Development of ideas: working drawings

Working drawings contain all the information needed to make the design, including:

  • dimensions
  • details of components
  • materials
  • assembly instructions

Working drawings are normally done as orthographic projections.

Orthographic projection

Shows a 3D L shape

Orthographic drawings usually consist of a front view, a side view and a plan [plan: Scale drawing showing an object as seen from directly above. ], but more views may be shown for complex objects with lots of detail. A drawing board and parallel motion or T-square is used to project one view from another.

Orthographic drawing may be done using first angle projection or third angle projection.

An orthographic projection of the shape on the right is shown below.

Orthographic drawing showing a three-dimensional L-shape's sides in two dimensions. Both first andgle projection and third angle projection versions are shown

Sectional and assembly drawings

Some products may need a section drawing to give extra structural information, or an assembly drawing to show how parts fit together.

Sectional drawingA cross-section of a box shows how the individual pieces of wood are joined together



Assembly drawingTwo pieces of wood are joined by inserting screws



Development of ideas: modelling

Designers present their ideas to the user, client and manufacturer as models, mock-ups and prototypes.

  • Model - a scaled down graphic representation of a design.
  • Prototype - a life size working model of a design used for testing development and evaluation.
  • Mock-up - a model of a product built for study, testing and display.

Model making can be a very quick and cheap method of producing a prototype. Suitable materials include paper, card, foam board, styrofoamâ„¢, wire and 3mm MDF.

Users, clients and manufacturers use models to evaluate ideas and decide how well they meet their needs and how best to make it. Models are usually 3D but they can also be 2D drawings or CAD [CAD: Stands for Computer-Aided Design - the use of computers to assist in any of the phases of product design. ] simulations.

Modelling with CAD

CAD can be used when modelling and offers the following advantages:

  • Designs can be modelled on-screen and viewed from any angle.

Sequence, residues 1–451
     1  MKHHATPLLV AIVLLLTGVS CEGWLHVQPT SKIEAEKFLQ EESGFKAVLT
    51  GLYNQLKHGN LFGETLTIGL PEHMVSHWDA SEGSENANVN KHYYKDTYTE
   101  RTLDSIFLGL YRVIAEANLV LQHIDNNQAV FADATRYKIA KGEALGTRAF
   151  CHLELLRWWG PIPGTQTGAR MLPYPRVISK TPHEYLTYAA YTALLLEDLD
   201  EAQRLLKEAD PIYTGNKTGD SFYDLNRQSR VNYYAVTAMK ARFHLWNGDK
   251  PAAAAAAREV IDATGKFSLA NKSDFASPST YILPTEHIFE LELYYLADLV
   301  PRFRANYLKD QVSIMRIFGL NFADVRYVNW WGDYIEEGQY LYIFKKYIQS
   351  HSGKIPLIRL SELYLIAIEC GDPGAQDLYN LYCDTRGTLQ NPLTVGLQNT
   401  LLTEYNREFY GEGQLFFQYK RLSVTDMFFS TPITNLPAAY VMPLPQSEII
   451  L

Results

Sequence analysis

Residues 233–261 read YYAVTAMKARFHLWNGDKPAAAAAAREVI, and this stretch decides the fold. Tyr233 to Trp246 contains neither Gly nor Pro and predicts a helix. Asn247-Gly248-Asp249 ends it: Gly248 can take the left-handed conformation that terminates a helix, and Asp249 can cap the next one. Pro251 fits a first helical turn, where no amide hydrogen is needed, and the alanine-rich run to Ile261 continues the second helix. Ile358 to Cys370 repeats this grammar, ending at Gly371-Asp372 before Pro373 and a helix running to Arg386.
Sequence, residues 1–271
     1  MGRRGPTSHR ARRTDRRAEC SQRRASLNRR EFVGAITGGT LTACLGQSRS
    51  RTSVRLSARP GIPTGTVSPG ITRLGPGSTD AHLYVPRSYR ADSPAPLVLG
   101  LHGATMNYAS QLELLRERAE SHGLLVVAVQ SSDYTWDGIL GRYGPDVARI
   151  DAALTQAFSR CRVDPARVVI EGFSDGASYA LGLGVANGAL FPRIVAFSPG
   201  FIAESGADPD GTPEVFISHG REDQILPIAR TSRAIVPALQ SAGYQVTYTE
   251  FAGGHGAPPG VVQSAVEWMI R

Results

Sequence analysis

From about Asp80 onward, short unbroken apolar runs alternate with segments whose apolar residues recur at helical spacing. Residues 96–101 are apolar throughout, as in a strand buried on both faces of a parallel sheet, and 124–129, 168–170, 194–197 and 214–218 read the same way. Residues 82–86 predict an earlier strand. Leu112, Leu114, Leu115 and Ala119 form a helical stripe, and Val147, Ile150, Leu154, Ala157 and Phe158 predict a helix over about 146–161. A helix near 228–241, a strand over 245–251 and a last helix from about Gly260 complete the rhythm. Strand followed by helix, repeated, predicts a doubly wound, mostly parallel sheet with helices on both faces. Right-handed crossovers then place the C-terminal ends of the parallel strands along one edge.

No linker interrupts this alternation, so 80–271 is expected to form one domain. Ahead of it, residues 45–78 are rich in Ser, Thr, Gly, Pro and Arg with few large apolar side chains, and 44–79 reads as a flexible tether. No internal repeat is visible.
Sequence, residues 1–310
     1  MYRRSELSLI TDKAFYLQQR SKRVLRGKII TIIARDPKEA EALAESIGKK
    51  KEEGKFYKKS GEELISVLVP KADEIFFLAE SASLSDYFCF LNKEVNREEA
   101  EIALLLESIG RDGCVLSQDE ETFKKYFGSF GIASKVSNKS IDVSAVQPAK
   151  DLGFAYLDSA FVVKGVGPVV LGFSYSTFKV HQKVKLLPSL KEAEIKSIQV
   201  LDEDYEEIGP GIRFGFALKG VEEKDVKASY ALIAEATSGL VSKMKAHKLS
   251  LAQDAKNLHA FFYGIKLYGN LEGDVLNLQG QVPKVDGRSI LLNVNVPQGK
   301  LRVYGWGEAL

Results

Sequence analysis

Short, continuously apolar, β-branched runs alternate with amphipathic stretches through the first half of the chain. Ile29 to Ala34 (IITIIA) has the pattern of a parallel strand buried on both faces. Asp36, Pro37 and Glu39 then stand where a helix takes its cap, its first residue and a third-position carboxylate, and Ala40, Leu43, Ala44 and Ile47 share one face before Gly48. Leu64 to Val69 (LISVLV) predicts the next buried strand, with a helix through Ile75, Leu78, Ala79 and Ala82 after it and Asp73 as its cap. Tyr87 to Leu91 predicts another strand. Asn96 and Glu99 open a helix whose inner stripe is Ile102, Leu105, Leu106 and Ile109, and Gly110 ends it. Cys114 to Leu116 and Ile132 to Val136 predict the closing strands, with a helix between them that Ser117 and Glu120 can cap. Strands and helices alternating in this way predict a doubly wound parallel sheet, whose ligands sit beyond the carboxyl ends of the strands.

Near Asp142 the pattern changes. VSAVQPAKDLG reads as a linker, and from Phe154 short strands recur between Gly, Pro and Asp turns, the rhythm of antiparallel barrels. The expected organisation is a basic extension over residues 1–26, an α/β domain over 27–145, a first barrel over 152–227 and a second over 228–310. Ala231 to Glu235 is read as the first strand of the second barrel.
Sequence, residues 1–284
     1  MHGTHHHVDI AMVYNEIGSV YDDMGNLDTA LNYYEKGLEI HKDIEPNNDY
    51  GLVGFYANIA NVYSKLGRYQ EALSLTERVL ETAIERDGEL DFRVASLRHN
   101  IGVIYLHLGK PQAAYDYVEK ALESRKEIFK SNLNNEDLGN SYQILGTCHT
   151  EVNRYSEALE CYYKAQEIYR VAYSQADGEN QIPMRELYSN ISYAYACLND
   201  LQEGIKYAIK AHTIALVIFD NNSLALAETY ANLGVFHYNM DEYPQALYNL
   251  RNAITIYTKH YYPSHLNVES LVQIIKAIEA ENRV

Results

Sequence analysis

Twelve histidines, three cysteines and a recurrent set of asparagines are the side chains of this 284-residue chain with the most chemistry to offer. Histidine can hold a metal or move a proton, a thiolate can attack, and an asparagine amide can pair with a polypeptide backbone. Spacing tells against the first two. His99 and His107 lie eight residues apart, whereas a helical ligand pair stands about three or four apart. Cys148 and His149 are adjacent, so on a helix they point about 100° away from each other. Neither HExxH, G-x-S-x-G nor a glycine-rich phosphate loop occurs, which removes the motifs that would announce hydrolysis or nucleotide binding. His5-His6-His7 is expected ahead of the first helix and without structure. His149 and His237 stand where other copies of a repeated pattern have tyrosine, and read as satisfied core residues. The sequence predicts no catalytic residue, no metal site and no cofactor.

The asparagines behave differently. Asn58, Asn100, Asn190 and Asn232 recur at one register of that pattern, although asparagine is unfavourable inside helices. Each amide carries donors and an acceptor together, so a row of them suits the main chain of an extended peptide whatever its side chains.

• Reaction to outside forces such as wind flow and pressure can be modelled.
  • Control sequences can be simulated [simulation: The artificial recreation of an event or activity, eg flight simulation software. ] before working on the actual material.

Rapid prototyping

Rapid prototyping is used to manufacture prototypes and small numbers of production quality parts. Plastics, metals, ceramics and paper can all be used.

Rapid prototyping is faster and cheaper than traditional prototyping methods, but the machines are expensive and it is only economical for short production runs.

Evaluating designs

Silver alessi juicer standing up

Alessi juicer designed by Philippe Starck. Photograph by Daniel Saxil-Nielsen.

Design ideas should be evaluated to make sure they meet product specification and are of a good quality. Evaluation can also check whether designs need to be changed to make them simpler to manufacture or enable them to be manufactured in higher quantities. To evaluate a design, consider:

  1. Does it meet the design need or situation?
  2. Does it meet the needs of the intended users?
  3. Does it fit the purpose for which it is intended?

Quality control

There are two aspects to quality control:

  1. Quality of design - how well the product meets the needs of the user.
  2. Quality of manufacture - how well the product has been made.

A product can be well-designed but poorly made, or well-made but poorly designed. This would mean it fails to meet the needs of the user.

Checking quality

A high quality product will:

  • meet the needs of the user.
  • use appropriate materials.
  • be capable of being maintained in a good condition.
  • have quality checks made at the appropriate time.
  • be made carefully and accurately.